CruiseTop objective: Make it through the pandemic. Second: Sell cruise again.

Sell what you need to for survival, cruise execs tell agents

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Moderator Mary Pat Sullivan of Sullivan Marketing Advisors and participants in the Mastermind Momentum Moments panel at CruiseWorld.
Moderator Mary Pat Sullivan of Sullivan Marketing Advisors and participants in the Mastermind Momentum Moments panel at CruiseWorld.

Given the symbiotic relationship that cruise lines and travel advisors have enjoyed, it might sound strange for cruise executives to encourage advisors to book travel outside of cruising. But that is exactly what they did at one of the panels at CruiseWorld, Northstar Travel Group's recent sponsored event held virtually for the first time this year.

During the Mastermind Momentum Moments panel, several executives said agents should diversify their business mix and sell whatever they can now to survive the coronavirus pandemic, because they will be needed by those cruise lines more than ever on the other side of Covid-19.

Vicki Freed, senior vice president of sales and trade support and service at Royal Caribbean International, was among those who encouraged advisors to cast a wider net with their sales, especially to make it through the pandemic. Freed isn't worried about attracting land vacationers back to cruising, either. She said often, cruisers who take land vacations are quick to want to return to cruising for the value and the experience they have onboard ships.

Dondra Ritzenthaler, senior vice president of sales and trade support and service at Celebrity Cruises, agreed.

"We need our agencies," she said. "We can't survive without the travel advisor community, and right now we need them to sell anything and everything that they can sell to sustain themselves."

MSC Cruises' Michelle Lardizabal, senior vice president and commercial sales officer, also sounded unconcerned about attracting land vacationers back to cruising once ships start sailing again.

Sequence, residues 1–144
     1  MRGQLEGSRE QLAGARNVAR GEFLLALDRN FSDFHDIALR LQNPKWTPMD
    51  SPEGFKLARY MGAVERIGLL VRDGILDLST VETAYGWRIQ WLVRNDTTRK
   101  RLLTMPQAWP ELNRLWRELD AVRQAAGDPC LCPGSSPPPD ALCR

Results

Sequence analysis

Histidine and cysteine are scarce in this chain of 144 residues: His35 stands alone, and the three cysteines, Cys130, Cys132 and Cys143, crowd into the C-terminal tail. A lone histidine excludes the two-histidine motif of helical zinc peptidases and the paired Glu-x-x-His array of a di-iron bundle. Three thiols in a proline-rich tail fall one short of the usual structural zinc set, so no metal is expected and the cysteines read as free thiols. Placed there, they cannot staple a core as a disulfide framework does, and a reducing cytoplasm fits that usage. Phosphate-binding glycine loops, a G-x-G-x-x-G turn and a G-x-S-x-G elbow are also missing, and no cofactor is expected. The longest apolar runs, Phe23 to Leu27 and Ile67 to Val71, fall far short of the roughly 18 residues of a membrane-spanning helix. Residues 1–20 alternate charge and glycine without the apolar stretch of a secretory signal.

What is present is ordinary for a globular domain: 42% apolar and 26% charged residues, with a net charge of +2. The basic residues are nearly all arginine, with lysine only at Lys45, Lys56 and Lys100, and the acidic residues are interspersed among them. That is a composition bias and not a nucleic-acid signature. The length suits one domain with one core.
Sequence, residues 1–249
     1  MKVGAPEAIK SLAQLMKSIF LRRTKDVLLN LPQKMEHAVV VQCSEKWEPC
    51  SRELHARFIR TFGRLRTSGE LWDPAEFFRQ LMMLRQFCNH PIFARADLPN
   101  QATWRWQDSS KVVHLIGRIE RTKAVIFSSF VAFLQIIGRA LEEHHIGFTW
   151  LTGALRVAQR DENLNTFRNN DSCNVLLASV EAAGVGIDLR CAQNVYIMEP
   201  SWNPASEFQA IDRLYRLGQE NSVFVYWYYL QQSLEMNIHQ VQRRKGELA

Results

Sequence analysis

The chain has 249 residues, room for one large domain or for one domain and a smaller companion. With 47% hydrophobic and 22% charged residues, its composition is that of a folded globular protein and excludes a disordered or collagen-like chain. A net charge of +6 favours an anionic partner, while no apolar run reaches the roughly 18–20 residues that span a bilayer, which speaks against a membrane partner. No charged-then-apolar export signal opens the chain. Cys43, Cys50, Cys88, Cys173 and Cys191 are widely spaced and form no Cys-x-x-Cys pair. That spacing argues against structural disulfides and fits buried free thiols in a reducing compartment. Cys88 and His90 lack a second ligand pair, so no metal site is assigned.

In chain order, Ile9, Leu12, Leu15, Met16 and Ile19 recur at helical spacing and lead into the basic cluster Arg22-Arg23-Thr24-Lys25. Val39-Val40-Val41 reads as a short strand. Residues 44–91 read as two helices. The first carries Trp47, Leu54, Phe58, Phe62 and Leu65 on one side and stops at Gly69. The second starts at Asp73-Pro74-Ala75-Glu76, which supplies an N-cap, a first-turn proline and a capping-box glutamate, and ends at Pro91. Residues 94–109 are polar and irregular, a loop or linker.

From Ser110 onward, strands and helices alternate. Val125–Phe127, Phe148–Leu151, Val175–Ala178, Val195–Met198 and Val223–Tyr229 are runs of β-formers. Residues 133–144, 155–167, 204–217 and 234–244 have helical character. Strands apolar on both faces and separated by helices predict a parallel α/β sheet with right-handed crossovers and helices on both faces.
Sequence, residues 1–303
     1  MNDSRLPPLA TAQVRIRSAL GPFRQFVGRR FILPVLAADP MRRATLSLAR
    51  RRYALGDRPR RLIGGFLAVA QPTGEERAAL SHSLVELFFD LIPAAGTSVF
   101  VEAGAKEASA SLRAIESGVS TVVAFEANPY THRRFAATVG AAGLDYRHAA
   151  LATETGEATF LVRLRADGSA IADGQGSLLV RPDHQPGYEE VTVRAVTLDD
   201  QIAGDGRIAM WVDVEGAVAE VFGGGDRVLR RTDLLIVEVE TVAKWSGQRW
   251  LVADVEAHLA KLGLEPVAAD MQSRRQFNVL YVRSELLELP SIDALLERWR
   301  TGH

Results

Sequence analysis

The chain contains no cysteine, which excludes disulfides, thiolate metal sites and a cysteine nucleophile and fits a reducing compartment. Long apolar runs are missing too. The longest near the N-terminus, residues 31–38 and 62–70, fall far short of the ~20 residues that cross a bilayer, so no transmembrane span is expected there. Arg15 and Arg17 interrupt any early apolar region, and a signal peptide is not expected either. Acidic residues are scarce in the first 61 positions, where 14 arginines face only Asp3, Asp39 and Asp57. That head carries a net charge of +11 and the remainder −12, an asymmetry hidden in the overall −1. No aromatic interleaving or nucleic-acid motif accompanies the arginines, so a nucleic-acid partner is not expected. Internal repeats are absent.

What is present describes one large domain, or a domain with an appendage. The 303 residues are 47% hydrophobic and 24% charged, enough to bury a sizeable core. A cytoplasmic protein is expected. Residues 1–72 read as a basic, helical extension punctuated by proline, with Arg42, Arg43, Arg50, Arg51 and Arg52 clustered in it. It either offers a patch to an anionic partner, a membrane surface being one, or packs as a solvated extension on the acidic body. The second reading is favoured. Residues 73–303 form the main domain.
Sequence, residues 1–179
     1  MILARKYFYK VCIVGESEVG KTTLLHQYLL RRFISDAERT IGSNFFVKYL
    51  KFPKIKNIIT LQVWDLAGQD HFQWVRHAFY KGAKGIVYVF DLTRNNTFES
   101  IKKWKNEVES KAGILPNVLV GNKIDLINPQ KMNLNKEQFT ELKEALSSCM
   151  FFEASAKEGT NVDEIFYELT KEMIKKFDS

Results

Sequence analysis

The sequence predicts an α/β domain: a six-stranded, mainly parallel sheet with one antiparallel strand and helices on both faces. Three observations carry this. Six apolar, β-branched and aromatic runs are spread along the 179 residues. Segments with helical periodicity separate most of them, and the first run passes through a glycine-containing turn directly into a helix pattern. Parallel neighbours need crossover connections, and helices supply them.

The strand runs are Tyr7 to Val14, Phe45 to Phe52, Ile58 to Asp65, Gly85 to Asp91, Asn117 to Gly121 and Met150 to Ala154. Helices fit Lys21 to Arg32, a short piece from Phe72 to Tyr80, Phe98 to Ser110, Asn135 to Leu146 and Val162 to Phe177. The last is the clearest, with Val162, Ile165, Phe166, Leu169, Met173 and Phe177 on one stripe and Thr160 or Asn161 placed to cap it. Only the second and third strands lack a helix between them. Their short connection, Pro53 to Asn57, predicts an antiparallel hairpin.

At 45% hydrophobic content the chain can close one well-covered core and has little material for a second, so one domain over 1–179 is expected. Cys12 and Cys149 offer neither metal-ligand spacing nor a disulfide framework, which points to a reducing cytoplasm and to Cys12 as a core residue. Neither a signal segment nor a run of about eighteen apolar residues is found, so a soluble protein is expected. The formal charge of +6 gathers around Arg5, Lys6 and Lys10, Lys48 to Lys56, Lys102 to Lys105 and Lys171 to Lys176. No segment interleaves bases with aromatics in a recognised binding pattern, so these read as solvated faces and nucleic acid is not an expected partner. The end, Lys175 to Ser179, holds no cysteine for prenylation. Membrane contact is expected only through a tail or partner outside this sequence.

"I think as people experience land vacations they'll also, if they've cruised before, understand the beauty of the cruise experience," she said.

The cruise executives also talked about the importance of keeping a positive attitude despite the current climate.

"There is a future, and it will come sooner, not later," said John Chernesky, senior vice president of North America sales for Princess Cruises and Cunard Line. "It's a tough time, but I maintain optimism. At its core, it's just a great business to be in."

When cruising does resume again, there will be some fundamental changes. Panel moderator Mary Pat Sullivan, president of Sullivan Marketing Advisors, asked which changes the executives will be grateful for.

Health and safety protocols will be enhanced, Freed said. That will bring with it some inherent benefits, like Royal Caribbean's new Muster 2.0 initiative that keeps large groups of people from having to attend a muster drill at the same time. The muster drill was consistently the one thing cruisers reported not enjoying, Freed said.

There will also be more doctors and nurses aboard ships as well as enhanced medical centres with things like intensive care units.

"In the event that something happens, you're going to have more people able to care for people," Freed said. "And we don't expect anything to happen, but this is life. There are speed bumps."

Katina Athanasiou, Norwegian Cruise Line's chief sales officer, said she believes there will be a fundamental shift in the way consumers book cruising. While many already used travel advisors before, she said she expects more will turn to agencies in the future.

"Consumers want to know that they have a collaborative and advisory lens that is working for and with [them], on their behalf the whole entire vacation experience," she said, "and only a travel advisor can provide that."

Source: Travel Weekly

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